The message I get here is if you take too much you are a drug abuser, if you take to little you are labeled “non-compliant” and denied any medication. Talk about mixed messages, and putting absolute chaos and mayhem in my life at the moment. Add insult to injury my doctor is out of town (her eldest daughter is having a baby boy, her first grandchild), fortunate for me I am able to contact her on a personal level outside of work, while she is waiting for her first grand child to be born she is also writing my appeal letter and mailing me a new RX for the lower dose Vyvanse (cannot not take anything even if it does not offer full efficacy).

I used to never go to the doctor, now I have to go once a year because I take this medication that FDA guidelines mandate certain blood testing be done to ensure no hepatic impairment or toxicity, and I am also at the point in life when they say you should get certain other blood tests done regularly (lipids, thyroid, etc)  While I believe mammograms save lives, I am not a well endowed female (my boobs are small)I am controversial about having a mammogram done. I had my first one when I turned 35, and that was the last one I plan to have done. Cancer runs on both sides of my family (both parents died of different cancers) breast cancer does not run in my gene pool (fortunately).

This week has been somewhat treacherous for me. I have been incredibly apprehensive about all of this. I cannot nor do I want to imagine myself without this medication. I am great now without the antidepressants, not this stuff this is my life line.

To all of those that are parents of ADD/ADHD or have loved ones with it, or know someone who knows someone with it, it is not a game nor is it something that can be controlled. Until you have found the right medication or combination of medication life is indescribably difficult and possibly unlivable (I do not mean death when I say “unlivable”). I could not imagine ADD without the H, it would make me crazy to sit still and not be able to focus, moving makes it easier when I cannot focus.

I will blog again when I know what the outcome is of this nightmare (I thought nightmares were outlawed).

 

Life is good, the kids are in bed dreaming about the trampoline we will be getting, the furbabies are dreaming about all the new chewies they have, feathers are dreaming about what kids of yum yums they will get for breakfast tomorrow.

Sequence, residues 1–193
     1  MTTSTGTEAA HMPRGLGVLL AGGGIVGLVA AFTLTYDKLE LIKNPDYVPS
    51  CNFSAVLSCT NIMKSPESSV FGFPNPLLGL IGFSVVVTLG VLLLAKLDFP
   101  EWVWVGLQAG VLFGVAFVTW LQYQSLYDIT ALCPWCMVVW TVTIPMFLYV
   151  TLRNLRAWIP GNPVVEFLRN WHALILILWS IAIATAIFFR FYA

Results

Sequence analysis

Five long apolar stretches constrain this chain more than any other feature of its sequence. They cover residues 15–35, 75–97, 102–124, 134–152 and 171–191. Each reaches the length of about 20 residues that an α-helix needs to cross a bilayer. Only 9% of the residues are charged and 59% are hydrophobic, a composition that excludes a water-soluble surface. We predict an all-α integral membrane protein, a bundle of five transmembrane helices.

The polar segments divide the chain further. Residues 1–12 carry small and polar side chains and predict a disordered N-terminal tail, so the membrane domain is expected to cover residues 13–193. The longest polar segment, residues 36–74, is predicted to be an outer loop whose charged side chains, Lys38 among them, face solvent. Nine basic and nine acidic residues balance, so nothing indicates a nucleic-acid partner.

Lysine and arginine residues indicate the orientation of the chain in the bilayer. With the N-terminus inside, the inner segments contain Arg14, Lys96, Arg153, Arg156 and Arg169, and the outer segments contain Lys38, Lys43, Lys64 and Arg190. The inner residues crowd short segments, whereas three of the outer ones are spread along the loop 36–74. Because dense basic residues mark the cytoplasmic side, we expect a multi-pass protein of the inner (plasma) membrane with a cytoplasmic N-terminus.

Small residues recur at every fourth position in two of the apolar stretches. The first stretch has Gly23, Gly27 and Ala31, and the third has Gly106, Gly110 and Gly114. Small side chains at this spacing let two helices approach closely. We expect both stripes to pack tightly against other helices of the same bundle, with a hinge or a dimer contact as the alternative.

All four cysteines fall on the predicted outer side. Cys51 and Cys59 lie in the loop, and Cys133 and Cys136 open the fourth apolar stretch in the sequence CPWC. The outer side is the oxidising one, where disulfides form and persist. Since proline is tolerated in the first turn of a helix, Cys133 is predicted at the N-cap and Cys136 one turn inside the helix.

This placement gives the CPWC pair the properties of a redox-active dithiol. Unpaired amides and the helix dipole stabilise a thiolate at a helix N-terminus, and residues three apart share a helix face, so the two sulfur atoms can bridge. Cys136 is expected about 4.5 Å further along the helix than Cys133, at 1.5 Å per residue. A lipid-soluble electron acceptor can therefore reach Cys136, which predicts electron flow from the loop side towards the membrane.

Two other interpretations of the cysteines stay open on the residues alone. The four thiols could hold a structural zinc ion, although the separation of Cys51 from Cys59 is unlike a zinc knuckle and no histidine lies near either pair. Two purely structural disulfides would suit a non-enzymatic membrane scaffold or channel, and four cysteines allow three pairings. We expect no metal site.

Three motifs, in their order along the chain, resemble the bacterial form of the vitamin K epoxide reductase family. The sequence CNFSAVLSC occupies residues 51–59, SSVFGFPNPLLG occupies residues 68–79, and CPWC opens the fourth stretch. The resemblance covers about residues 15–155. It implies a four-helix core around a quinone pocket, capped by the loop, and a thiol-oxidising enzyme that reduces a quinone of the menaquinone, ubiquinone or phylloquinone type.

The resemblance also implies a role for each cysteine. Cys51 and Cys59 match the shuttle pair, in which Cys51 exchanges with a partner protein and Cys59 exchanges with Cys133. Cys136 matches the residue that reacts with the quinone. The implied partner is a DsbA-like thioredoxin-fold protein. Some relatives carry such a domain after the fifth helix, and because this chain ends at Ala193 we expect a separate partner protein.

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3 comments on “some more about me, and at a loss for words

  • I was diagnosed as a small child as having ADHD. The medication did nothing. Later in life, I got tested again, as I have a lot of difficulty in coping with touch/taste/smell, as well as serious trouble with maths and coordination – this can manifest itself as a difficulty in concentrating, with regards to the sensory stuff. I was, thankfully, re-diagnosed. There’s something called Sensory Processing (or Sensory Integration) Disorder, and a lot of people get misdiagnosed because the symptoms can be very similar to ADHD and/or dyslexia. I do recall the horrible responses of ‘Well, just control it.’ These sort of replies even came from my grandmum and teachers. It’s still a response said shockingly often these days! Fortunately, therapy and exercises can help moderate the sensory side of things, and I’ve improved a little… but I can empathise with where you stand, a little.

    As to your prescription, that is… atrocious. I can’t even imagine. I like the UK’s health system so much better in that regard; telling my English boyfriend about your situation, apparently that would not be tolerated here. I really hope it gets sorted for you. :/

    • You have opened my eye to something new here, SPD. While sitting at my daughters soccer practice (wishing I was at home in a non sensory overload environment) I googled SPD, wow, um that plus ADHD describes me and my son perfectly. He has ADD and ODD (and probably a touch of SPD), while I was not diagnosed until mid 30’s with ADHD (possibly bordering on Aspergers). I always thought the sensory overload was from the ADHD/ADD, now it makes sense. Now, I have to learn how to deal with it as an adult, my son well he has anger issues to work out before we can think about anything else.

      As to the medication, I have had to change my whole regiment, and are still adjusting (change is good right?). Socialized medicine has its advantages, as well as disadvantages, all systems have both.

      Thank you for your kind and supporting words, I love your stories about Mish and Pitak!!!!